We tend to think of the impact of science on society as something that happened recently, or at least as a 20th century phenomenon. The Age of Wonder, by Richard Holmes reminds us of how many themes and issues date back at least to the turn of the 19th century.
You read about the exotic sexual paradise and you think, I know this place! It’s the Tahiti visited by Joseph Banks. You read about the brilliant mind confined by a sickly body to a wheelchair. Joseph Banks again. Poets getting drugs from scientists. Would you believe Coleridge and Joseph Banks? And Humphry Davy got his start messing about with laughing gas. How about the coldly objective observer? Humphrey Davy. The government-funded science project, complete with cost-overruns? William Hershel’s forty-foot telescope. The age and vastness of the stars — deep space and deep time –That’s what William Hershel realized is out there. The myth of the Eureka moment comes from William Hershel again, discovering Uranus. Even Charles Babbage’s satire of the scientists in the Royal Society — as lazy, elitist, ignorant and largely dedicated to club dinners — sounds exactly like the wizards in Pratchett’s Discworld.
Many images of science in popular culture are recognizable here. Some of them are just that — images. For example, it took slow and careful study to discover Uranus, but the romantic notion immortalized by Keats of the “Eureka moment,” eventually overtook even Herschel’s own memory of the event as he retold it over the years. Others are mostly forgotten, like the poet Coleridge referring to Banks as a reliable source of new exotic and experimental drugs such as Indian hemp, ‘Bang’, and cannabis. And some are still unfolding, like the discoveries of William and Caroline Herschel.
Caroline Herschel (whose name is immortalized on my sadly unused telescope) spent her astronomical career sweeping the heavens for comets. William had the forty-foot long telescope built with the goal of finding out what the fuzzy spots in the sky were. The mirror resolved their images into nebulae and galaxies. Once he had worked out how far away some of the stars were, he used the speed of light to compute that some of the light he saw was nearly two million years old. It was the first inkling of how big and how old the universe is.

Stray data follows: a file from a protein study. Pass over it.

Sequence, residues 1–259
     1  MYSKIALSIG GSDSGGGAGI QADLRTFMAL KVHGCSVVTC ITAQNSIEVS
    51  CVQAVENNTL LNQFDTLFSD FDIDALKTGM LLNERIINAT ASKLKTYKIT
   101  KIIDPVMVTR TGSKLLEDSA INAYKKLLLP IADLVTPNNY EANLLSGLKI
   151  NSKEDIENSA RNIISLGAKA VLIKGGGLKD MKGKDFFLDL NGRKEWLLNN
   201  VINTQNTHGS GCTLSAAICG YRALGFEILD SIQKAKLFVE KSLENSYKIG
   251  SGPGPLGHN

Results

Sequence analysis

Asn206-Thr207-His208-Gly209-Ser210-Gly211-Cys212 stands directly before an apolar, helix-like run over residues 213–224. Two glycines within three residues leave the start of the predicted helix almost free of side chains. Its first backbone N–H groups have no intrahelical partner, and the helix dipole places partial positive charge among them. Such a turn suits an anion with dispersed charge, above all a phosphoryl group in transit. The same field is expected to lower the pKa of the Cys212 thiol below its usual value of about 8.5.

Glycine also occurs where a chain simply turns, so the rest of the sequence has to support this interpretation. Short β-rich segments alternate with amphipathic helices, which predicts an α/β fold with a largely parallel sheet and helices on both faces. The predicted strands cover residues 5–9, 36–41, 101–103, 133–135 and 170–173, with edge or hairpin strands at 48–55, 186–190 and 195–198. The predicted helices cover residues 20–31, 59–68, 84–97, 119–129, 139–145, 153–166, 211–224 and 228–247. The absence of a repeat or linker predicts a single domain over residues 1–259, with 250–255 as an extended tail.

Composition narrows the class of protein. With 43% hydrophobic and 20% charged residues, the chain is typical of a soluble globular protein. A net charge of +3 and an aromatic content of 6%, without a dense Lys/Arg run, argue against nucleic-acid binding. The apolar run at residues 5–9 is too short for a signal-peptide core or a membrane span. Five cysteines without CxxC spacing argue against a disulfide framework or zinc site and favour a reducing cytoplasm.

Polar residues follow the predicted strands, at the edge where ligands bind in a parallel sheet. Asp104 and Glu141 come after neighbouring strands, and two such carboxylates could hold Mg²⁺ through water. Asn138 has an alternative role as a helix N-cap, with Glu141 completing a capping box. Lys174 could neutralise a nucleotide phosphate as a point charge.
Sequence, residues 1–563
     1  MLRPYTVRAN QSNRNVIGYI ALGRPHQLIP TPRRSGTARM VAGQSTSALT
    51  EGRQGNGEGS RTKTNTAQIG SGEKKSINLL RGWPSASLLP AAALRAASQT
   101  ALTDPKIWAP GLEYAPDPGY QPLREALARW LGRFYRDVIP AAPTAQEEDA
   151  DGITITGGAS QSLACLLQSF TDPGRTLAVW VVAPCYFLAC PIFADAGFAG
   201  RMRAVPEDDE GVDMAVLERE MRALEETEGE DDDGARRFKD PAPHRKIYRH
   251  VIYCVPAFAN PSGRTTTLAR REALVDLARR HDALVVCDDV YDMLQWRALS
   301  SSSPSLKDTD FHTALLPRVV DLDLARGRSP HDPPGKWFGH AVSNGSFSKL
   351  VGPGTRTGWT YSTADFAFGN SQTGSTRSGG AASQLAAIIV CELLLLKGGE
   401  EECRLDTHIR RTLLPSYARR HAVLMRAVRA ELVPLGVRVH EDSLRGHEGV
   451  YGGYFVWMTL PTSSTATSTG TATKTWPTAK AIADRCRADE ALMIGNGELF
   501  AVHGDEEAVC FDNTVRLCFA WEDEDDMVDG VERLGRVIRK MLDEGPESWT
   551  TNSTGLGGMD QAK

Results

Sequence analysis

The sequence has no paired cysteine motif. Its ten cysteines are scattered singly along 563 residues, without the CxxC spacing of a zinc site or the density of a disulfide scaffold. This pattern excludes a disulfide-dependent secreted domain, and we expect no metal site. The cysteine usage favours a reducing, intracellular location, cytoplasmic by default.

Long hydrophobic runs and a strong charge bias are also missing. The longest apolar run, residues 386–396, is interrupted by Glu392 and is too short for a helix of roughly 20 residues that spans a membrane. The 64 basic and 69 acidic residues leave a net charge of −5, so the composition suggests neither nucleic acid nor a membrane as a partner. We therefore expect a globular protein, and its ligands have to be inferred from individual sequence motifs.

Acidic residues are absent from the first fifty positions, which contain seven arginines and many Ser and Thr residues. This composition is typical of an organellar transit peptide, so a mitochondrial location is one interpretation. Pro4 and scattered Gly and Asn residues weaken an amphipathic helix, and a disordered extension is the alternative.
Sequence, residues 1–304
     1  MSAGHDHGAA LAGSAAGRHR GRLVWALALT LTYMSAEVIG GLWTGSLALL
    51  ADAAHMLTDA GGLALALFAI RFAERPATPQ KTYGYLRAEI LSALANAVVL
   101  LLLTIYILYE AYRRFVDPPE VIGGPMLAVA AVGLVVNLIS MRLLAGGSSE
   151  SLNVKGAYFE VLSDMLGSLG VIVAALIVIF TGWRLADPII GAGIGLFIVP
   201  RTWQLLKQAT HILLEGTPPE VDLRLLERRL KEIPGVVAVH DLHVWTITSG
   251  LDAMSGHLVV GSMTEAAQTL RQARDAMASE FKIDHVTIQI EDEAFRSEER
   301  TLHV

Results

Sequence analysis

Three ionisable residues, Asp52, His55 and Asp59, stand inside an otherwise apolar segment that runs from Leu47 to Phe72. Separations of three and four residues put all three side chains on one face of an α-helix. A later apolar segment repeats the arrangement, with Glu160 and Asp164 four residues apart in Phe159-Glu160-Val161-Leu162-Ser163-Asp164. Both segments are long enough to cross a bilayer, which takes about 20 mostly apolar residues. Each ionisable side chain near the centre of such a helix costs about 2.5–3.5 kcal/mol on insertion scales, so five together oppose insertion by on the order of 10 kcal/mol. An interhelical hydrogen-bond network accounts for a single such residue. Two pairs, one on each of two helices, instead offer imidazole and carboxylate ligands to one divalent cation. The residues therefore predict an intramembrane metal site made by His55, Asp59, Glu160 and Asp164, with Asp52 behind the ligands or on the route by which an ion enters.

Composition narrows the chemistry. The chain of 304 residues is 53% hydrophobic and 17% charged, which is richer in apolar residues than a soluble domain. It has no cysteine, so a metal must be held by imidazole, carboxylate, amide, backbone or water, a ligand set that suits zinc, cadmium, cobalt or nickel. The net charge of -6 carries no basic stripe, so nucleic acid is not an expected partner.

Of course, the loudest issue is the place of God. (You can’t get much bigger than God, can you?) It is said that when Laplace presented Napolean with a copy of his Systeme du Monde, Napolean asked where was God in his book. Laplace said “Citizen First Consul, I have no need of that hypothesis.” So for an English astronomer to profess atheism was to be suspiciously French. They even disputed over whether the word “scientist” sounded too much like “atheist.”
The Romantic era began with a belief in the argument by design, which meant that studying Nature was studying the handiwork of God. But Davy’s writings suggest a mystical, non-Christian god and William Herschel studiously avoided the idea of a Creator who, if he existed, must be vastly remote in time and space. But when Darwin published On the Origin of Species, as his argument was tested and accepted, it become less necessary to believe in a Designer to account for the wonderful intricacies of living beings.
Then there’s the theological implications of galaxies. If there is life on other worlds, are they “fallen” creatures? Do they need Redemption? What kind of God would send his children to die on all these worlds? This is still fodder for science fiction stories. You can check the December issue of the SF mags to find stories like “The Star” or “A Case of Consilience” still wrestling with this kind of question.
The Age of Wonder lives on in the Literature of Wonder.